Windows 8's desktop
There's an icon on Windows 8's Start screen called Desktop, if you're using a laptop or PC. This launches the traditional Windows desktop and looks almost identical to Windows 7. There's one obvious difference though: no Start button.
Windows 8's Metro UI is designed for touchscreens
This also means there's no Start menu, which can feel quite disorientating to begin with. There are various ways of launching applications. One is to use the Search tool on the Charms bar (you can swipe in from the right to display it). Another is to right-click the bottom-left corner of the screen to display a 'Start menu' of sorts. This lets you fire up a Run box, Command Prompt and various management programs.
Alternatively, you can pin programs to the taskbar or create shortcuts on the desktop. The latter option is a little convoluted as you have to either browse to the program's location on your hard disk, or right-click on the desktop and choose New, then Shortcut from the menu that appears.
Everything behaves as it did in Windows 7, so you can snap windows to the left- or right-hand side of the screen, for example. The notification area is also identical, as is the shortcut to the right of it which closes all windows and shows the desktop. Where the Start button used to be is a narrow shortcut which, when hovered over, shows a thumbnail of the Start screen which you can click to return there.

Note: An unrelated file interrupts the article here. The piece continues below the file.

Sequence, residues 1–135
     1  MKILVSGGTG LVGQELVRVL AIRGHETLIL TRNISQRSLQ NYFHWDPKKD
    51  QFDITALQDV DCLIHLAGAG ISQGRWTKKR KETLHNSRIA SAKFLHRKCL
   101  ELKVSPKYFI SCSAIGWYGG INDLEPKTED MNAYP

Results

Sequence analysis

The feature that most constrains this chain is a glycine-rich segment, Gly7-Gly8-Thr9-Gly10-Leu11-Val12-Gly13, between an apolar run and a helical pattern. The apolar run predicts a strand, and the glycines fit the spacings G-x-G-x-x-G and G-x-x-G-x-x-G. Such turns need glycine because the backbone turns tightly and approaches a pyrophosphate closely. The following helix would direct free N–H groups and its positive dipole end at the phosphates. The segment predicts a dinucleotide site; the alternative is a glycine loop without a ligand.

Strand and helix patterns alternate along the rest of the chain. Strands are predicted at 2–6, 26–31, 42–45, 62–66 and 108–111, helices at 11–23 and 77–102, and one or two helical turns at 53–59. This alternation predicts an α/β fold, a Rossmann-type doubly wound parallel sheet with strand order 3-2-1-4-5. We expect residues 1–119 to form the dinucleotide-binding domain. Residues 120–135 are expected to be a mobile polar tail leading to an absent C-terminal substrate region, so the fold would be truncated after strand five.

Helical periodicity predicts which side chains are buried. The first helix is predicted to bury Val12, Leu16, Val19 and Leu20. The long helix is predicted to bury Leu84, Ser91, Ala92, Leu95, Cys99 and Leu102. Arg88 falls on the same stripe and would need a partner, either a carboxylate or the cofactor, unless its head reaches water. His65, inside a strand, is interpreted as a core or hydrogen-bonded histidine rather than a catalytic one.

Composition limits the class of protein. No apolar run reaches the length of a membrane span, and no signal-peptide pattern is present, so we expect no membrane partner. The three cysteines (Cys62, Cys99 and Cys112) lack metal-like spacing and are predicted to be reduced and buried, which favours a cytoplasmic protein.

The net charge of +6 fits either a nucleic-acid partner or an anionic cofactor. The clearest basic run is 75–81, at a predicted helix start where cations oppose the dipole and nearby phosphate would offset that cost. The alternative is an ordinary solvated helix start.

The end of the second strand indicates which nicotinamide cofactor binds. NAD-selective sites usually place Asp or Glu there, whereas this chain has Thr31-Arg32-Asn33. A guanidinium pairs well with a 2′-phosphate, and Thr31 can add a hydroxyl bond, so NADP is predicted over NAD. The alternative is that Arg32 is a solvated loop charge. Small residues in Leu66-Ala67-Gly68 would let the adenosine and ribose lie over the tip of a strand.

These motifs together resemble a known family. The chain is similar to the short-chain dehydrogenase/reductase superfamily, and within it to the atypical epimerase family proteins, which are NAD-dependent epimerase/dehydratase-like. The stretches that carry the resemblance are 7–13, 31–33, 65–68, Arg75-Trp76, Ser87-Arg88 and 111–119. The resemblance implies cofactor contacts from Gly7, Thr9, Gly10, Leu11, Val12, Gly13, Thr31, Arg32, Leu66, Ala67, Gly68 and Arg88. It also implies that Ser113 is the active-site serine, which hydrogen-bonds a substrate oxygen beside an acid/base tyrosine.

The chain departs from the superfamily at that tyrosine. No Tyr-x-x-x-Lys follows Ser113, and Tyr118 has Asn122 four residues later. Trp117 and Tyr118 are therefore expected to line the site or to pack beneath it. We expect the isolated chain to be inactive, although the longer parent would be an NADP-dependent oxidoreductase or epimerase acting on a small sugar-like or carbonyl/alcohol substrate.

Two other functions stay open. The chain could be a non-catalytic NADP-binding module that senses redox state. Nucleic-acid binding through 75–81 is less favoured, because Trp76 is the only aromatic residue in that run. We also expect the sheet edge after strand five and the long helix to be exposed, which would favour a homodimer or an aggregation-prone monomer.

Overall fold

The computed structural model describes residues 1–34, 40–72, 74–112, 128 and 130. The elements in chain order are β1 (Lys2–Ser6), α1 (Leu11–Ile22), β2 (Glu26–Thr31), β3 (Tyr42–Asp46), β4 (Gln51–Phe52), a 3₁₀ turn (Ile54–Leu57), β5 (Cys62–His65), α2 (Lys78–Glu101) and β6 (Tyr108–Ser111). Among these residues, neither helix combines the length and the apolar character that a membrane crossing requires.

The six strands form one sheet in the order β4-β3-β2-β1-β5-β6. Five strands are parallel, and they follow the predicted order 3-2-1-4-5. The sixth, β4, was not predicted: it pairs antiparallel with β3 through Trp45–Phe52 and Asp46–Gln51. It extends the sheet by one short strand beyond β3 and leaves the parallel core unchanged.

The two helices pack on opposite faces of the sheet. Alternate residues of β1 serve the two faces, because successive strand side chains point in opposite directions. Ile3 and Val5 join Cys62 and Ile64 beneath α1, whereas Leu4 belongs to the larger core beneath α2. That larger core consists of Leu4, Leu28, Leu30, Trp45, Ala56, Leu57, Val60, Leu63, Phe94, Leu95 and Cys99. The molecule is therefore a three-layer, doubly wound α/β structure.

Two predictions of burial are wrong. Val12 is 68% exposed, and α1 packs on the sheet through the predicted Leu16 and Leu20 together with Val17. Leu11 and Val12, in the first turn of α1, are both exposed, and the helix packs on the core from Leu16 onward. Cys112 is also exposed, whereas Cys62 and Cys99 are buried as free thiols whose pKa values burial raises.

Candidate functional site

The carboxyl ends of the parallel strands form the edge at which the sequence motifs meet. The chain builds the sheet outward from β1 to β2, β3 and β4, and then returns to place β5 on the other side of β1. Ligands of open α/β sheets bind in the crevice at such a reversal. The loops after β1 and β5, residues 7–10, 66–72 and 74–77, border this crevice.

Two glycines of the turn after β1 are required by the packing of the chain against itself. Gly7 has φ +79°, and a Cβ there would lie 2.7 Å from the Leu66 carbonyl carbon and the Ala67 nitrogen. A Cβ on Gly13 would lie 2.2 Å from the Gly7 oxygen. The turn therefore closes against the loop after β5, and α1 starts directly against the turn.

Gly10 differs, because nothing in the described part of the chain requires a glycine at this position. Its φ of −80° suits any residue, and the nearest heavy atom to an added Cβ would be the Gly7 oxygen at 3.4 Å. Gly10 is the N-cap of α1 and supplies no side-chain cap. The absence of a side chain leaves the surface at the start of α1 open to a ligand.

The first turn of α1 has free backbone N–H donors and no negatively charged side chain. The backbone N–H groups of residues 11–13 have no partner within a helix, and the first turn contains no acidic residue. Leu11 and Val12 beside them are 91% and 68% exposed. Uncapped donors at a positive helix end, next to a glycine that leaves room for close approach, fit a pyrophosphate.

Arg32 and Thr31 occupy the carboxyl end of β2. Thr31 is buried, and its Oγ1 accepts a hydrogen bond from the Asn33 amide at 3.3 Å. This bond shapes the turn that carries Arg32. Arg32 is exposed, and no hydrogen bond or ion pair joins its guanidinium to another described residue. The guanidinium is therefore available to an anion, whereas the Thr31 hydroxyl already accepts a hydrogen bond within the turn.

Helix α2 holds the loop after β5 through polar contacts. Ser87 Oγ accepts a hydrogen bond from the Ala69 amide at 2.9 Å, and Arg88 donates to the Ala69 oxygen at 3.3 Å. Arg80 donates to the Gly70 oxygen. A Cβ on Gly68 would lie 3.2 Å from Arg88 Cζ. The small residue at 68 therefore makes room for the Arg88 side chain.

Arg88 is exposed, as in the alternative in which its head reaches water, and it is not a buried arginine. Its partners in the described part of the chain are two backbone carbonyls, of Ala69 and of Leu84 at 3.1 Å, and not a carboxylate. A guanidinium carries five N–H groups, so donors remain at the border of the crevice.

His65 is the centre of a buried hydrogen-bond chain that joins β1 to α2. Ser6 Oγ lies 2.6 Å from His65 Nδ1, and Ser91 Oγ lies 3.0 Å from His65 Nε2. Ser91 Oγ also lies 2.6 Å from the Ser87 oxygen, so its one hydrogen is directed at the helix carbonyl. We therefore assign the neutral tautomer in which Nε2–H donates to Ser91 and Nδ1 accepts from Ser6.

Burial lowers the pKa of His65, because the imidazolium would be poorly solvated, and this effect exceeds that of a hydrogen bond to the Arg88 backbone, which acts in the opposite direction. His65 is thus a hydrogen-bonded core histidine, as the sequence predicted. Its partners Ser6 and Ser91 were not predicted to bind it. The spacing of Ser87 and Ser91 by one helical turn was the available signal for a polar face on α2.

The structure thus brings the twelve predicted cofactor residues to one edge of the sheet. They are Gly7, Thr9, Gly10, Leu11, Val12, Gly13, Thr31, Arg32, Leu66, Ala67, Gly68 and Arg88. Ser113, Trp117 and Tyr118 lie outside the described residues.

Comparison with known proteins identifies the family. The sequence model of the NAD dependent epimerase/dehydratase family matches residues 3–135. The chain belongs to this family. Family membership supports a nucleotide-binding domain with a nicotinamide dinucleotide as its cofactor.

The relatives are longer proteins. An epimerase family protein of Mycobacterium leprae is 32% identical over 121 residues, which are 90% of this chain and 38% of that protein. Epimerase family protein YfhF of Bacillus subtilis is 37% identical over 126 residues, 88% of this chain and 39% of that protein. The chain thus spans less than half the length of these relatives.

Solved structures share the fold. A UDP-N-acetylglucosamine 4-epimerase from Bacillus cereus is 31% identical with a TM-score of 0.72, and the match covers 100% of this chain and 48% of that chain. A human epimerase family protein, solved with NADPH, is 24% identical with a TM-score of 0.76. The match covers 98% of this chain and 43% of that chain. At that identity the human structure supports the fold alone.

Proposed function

Open an Explorer window and you'll notice the other main change. At the top is Microsoft's 'Ribbon', which will be familiar to Office 2007 and 2010 users. The aim is to replace toolbars and menus and provide quick access to commands to quickly complete a task.
Each tab holds related commands, but the new feature is that one or more tabs are highlighted. In folders containing pictures, for example, there's a highlighted Picture Tools tab which includes commands for rotating images, playing a slideshow and setting a picture as the desktop background.
The Share tab makes it far easier than before to email, print, compress and burn files to disc. There are also tools for sharing the folder with other users on the network.
When you start any app that doesn't have a Metro interface, it will launch on the desktop. The old-style Control Panel is still present, as is Network and Sharing Center. It's also still possible to add gadgets to the desktop and change the wallpaper, just as you did in Windows 7.
Another minor update is a real-time graph showing transfer speeds when you copy files. This appears when you click the More details button. You can also pause transfers as well as cancelling the process.
The Task Manager has had a big overhaul. The main list is split into Apps and Background processes and their usage of memory, processor and network is now much easier to see. A new App History tab includes a Metered network column so you can see which apps are eating up your monthly data allowance.
NEXT PAGE: Touchscreen keyboards and verdict